In 1883 Roberts and the Pennsy bought the assets of a small company that had been formed to build a road from Lake Erie to New York City by way of Albany; the very route that Vanderbilt’s father Cornelius had so assiduously pulled together in the mid-1850’s, and the core of the whole NY Central network. This move threatened the NY Central’s monopoly position on the most important route it owned.
Around the same time Vanderbilt’s New York Central got its hands on a thirty year old State of Pennsylvania charter for a railroad that would, if it were ever built, run west from Harrisburg, PA all the way through the city of Pittsburgh to the Monongahela River. The NY Central already connected to Harrisburg, so by building this road Vanderbilt would get access to all the businesses in the Pittsburgh area. Needless to say, Carnegie liked the idea.
It’s hard to know which of the two super-railroads actually started the poaching, and which one was retaliating. Different books on the subject give slightly different timetables. What is known for sure is that by the end of 1883 each company was making preparations to build a road deep into the other’s turf.
Vanderbilt didn’t have to put up all the funding for his Harrisburg to Pittsburgh line. The subsidiary company he set up to build and operate the road was capitalized at fifteen million dollars, and a third of the money came from Carnegie and other Pittsburgh area businessmen. Among the investors were John D. Rockefeller and his brother William. Standard Oil owned a few refineries in Pittsburgh, and the Rockefellers wanted their operations in that city to enjoy the same negotiating leverage they already had for their Cleveland plants.
By 1884 the surveying was done and crews were hard at work digging tunnels, building bridges, and cutting grades across central Pennsylvania. They hadn’t laid any track yet; that was scheduled to start in 1885. Early in ’85 Carnegie held his annual negotiations with the Pennsy over freight rates for the coming year, and even before any rails were laid on the ground the railroad gave him a deep discount from the previous year’s prices.
Carnegie was overjoyed. The most annoying problem he faced in his business was soon to be resolved. By the summer of ’85 his company had the order for the first shipment of rails for the Harrisburg line, and it’s a safe bet that the rails would have been delivered on time.
Enter JP Morgan.
Morgan and his father were big fans of monopolies, and they took a dim view of the nation’s biggest railroads poaching in each other’s territories. Their firm was connected to both roads in multiple ways. Both Morgans were shareholders in the NYC and the Pennsy, and as investment bankers they had clients with millions of dollars invested in both roads. In addition to that their bank did a lucrative business providing both roads with financing. The younger Morgan made up his mind to do something to preserve the status quo.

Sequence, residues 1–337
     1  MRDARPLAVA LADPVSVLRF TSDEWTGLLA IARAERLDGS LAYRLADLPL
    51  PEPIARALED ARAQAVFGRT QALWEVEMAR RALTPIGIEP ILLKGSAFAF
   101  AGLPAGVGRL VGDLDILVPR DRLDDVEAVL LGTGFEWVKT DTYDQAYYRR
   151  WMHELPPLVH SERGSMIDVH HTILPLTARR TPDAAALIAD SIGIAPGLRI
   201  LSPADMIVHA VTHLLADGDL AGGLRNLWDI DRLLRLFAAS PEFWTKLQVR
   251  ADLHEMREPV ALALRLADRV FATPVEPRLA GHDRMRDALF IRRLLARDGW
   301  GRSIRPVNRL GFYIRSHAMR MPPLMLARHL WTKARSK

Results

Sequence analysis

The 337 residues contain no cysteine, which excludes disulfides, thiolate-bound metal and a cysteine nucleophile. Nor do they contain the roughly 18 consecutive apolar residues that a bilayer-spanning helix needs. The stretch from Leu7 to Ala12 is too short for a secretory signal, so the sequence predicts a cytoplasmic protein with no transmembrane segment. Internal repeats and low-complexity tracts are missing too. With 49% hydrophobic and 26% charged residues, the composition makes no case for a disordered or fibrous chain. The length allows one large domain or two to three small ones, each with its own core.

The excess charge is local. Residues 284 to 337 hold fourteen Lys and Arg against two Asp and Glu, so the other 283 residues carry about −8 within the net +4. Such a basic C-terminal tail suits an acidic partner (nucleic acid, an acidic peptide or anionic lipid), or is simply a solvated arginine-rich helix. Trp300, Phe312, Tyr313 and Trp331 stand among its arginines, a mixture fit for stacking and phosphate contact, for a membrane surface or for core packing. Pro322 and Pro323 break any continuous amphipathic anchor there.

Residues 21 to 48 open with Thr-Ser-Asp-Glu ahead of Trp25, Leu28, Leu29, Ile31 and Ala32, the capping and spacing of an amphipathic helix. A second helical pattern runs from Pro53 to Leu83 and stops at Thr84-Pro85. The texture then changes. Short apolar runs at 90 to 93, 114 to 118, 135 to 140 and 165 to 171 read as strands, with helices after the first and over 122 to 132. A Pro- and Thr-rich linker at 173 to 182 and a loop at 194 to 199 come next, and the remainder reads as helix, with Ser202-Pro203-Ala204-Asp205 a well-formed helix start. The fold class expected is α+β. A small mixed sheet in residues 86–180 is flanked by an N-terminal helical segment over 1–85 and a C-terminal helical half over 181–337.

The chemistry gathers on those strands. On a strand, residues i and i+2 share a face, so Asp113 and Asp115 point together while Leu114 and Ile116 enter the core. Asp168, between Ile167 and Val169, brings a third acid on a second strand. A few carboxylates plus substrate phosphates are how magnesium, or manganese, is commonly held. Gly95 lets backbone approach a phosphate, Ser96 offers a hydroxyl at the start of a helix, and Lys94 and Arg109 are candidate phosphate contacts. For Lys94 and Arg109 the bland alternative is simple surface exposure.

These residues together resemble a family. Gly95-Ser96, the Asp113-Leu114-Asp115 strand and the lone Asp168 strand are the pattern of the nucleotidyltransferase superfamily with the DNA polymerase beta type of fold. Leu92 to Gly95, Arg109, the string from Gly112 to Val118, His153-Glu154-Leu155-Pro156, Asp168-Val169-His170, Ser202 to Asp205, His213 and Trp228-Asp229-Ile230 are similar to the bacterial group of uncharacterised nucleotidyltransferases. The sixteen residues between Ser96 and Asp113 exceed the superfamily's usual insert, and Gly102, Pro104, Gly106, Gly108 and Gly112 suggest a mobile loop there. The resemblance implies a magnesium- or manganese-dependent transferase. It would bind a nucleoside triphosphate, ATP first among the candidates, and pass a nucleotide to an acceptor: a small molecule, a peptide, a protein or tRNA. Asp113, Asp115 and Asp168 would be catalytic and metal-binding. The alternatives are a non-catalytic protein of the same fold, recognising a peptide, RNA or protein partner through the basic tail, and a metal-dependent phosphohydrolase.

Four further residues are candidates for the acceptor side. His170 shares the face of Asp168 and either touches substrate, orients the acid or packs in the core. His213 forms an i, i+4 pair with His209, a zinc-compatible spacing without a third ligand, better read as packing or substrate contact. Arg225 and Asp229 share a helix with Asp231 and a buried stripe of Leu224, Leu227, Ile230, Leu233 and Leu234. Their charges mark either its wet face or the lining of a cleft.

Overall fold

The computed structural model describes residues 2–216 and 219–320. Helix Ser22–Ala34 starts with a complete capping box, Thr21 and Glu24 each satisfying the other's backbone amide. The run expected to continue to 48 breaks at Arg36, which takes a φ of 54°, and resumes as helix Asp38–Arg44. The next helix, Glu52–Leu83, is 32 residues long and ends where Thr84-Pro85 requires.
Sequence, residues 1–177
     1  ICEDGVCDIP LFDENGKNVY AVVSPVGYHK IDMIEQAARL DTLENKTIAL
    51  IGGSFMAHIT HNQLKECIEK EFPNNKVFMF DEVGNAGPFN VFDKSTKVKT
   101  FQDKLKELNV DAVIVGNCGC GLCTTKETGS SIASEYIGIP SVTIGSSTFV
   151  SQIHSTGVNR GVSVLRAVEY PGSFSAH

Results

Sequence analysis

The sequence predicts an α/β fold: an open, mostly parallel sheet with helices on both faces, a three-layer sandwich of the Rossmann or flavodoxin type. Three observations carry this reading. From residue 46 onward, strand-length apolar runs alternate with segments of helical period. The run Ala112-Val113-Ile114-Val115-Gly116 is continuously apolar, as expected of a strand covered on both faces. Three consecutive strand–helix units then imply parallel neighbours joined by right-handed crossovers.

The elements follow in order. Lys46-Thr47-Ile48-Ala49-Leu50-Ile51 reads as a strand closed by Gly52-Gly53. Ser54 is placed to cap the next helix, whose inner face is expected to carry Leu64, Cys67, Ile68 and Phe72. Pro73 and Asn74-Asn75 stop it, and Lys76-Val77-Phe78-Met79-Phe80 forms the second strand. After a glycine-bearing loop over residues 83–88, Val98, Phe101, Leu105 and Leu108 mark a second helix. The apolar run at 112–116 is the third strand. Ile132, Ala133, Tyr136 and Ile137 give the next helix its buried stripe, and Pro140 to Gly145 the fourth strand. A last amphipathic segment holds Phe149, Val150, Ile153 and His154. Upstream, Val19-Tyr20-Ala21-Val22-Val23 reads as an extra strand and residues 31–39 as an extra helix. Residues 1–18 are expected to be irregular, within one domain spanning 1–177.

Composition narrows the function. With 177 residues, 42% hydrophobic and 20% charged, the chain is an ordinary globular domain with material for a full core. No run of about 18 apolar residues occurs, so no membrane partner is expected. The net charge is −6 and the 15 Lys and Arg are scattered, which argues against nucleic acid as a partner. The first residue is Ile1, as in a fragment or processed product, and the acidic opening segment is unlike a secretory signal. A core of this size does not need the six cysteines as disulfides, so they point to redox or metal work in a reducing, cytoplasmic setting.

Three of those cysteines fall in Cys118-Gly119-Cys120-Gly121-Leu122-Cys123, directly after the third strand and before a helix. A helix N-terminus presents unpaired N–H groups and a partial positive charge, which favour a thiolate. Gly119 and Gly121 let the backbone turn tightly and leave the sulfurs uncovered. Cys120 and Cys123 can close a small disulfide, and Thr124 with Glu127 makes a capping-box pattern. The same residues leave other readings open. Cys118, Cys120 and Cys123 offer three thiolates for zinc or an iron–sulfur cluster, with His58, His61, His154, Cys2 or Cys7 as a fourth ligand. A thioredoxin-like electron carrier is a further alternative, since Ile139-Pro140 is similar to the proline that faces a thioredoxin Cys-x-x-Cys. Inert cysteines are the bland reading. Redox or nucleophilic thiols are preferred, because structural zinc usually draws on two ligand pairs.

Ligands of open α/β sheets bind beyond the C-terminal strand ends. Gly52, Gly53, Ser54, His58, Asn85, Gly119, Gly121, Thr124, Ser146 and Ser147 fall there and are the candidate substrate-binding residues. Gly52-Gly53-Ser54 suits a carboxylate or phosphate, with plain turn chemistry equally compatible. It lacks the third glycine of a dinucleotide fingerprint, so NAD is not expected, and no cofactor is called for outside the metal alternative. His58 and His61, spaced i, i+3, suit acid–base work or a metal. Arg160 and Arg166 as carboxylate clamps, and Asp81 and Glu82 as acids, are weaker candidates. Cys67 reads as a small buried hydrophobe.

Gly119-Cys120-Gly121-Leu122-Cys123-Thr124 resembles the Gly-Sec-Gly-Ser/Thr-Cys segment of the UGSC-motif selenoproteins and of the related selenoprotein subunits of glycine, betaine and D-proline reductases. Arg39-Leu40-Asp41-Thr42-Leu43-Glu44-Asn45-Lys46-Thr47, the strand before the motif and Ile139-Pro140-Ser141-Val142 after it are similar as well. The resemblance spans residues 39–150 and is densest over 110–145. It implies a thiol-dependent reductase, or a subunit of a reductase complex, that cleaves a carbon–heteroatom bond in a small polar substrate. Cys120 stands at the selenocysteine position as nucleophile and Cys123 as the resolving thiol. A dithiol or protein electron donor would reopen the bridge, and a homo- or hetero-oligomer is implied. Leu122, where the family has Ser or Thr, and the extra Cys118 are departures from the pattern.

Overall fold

At 10:00 AM on a hot July morning JP Morgan’s yacht the Corsair pulled away from a dock in Jersey City and steamed out onto the Atlantic. On board with Morgan were stores of iced champaign, a gourmet lunch, a small army of servants, and the presidents of the Pennsylvania and the New York Central.
Nine hours later the boat pulled up to the dock and Morgan and the two presidents stepped off. The Harrisburg line, into which Carnegie and his collaborators had invested $5 million, now belonged to the Pennsy. The Buffalo to New York line belonged to the NY Central.
The deal Morgan had brokered left each railroad in control of its own geographical monopoly. Carnegie and his associates had paid five million dollars for a one-third interest in a railroad that would never be built. The bargaining power that Carnegie Steel had already begun to enjoy was gone.
It was almost a caricature of a high-powered business deal. Morgan, the nation’s most powerful banker, brokered a deal between Vanderbilt and his biggest rival to take negotiating power away from Andrew Carnegie and John D. Rockefeller. That the meeting took place on a very large and expensive yacht just makes the whole thing sound even more like a movie script.
Carnegie would write the epilog to this story a decade later. In 1896 he acquired the assets of a nearly-bankrupt railroad company chartered to build a road from Pittsburgh to the port town of Conneaut, Ohio on Lake Erie. A road of sorts had already been built over all but thirty miles of the projected route, and once Carnegie and his partners took over the line it took them only fifteen months to upgrade the existing line and build the last thirty miles.
With the new line in operation Carnegie finally had the leverage he’d been dreaming of. Faced with a competitive situation for the first time, the Pennsy lowered its rates dramatically.
Next week’s post will be about JP Morgan’s involvement with the development of the electric light.